One option for keeping your fleece cleaner is to jacket the sheep. Jacketing isn’t right for every situation, but when it is, it can improve the quality and value of the fleece. Jacketing prevents sun-bleaching of dark fleece and staining of light fleece, and it keeps out VM.
If you jacket your sheep, you’ll need to invest in 2 to 3 sizes for each sheep, as their wool grows through the season. You must change the jacket as the wool grows, or it can cause the wool to felt or even injure the sheep. You’ll also need different sizes to change out on your lambs as they’re growing. The jackets will wear out over time and need to be patched or replaced. Jacketing is an investment, but it can pay for itself with the quality of wool you’ll be producing. Check jackets twice a day, as they can get torn or tangled in fencing or the sheep’s legs. It’s not safe to jacket your sheep if you’re unable to check on the entire flock at least twice a day.
— Kat Ludlam
Close the Nutrient Loop with a Chipper-Shredder
What’s the best way to integrate organic matter into my garden and yard for a nutrient boost?
Image by Steve Maxwell
The one thing that all yards and gardens have in common is plant growth. They produce a constant stream of new organic matter — grass, trees, shrubs, and vines. But what you do with that organic matter can make a big difference to your gardening success.
Our front yard started off as an open hayfield 35 years ago. Now, it’s a shaded grove of maples, oaks, pines, and locusts that I planted as seedlings. Taken together, these full-sized trees produce massive amounts of leaves and needles each year that we collect and use as mulch and soil amendments. It’s all about making use of the nutrients available from your yard and nearby land. But there’s one thing that makes it all much more effective — chipping and shredding.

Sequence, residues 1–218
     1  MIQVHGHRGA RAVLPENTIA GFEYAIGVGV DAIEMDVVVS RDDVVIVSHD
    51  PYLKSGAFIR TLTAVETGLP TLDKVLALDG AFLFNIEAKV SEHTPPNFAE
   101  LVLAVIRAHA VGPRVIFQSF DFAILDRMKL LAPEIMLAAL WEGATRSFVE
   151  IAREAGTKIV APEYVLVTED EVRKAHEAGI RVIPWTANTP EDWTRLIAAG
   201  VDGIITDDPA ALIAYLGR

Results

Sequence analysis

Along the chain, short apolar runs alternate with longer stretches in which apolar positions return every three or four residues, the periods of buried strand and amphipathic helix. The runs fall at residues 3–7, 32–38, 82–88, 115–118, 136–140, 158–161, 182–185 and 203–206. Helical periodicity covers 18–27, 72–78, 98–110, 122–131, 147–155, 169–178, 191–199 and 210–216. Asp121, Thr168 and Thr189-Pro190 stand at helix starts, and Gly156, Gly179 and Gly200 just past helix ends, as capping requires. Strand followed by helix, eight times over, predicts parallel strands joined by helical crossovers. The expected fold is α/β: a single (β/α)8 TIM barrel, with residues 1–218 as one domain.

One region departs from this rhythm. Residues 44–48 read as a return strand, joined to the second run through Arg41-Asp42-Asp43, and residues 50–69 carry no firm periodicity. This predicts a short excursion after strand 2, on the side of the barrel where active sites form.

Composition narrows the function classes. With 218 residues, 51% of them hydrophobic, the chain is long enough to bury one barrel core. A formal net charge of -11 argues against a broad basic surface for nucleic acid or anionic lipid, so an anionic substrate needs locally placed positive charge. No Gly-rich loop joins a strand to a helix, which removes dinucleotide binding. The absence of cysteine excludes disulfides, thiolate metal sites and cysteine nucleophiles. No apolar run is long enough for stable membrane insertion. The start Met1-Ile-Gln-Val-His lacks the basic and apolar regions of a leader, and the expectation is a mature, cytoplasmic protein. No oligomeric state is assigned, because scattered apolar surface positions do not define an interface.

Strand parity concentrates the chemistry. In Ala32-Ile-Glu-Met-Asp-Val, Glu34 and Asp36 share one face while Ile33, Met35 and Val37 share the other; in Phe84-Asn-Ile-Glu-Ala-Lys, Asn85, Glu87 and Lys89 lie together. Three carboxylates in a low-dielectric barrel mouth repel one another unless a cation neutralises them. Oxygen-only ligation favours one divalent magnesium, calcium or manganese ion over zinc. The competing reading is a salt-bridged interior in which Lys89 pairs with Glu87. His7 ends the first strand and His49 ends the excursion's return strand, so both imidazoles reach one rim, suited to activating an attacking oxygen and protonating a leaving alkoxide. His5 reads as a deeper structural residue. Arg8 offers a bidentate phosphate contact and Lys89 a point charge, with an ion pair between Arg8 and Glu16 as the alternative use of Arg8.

To be most effective, any kind of plant matter needs to be chipped or shredded before it’s composted and laid on the soil as surface mulch. This is where a portable chipper-shredder makes all the difference.
Chipping tree branches makes them usable as mulch, and shredding loose material, such as leaves and grass clippings, makes them sit flat on the garden and resist blowing away. The surface mulching we do is the reason my wife and I are able to maintain as much garden area as we do without spending a whole lot of time weeding. In fact, we almost never have even a single weed come up in our heavily mulched perennial gardens, because we constantly maintain at least 3 inches of chipped and shredded mulch over all the soil all the time. Perennial flowers break through this mulch unaided each spring, and we plant annuals in the soil after we burrow down through the mulch to the dirt. But like I said, mulching materials need to be processed first for best results, and that’s where chipper-shredders make all the difference.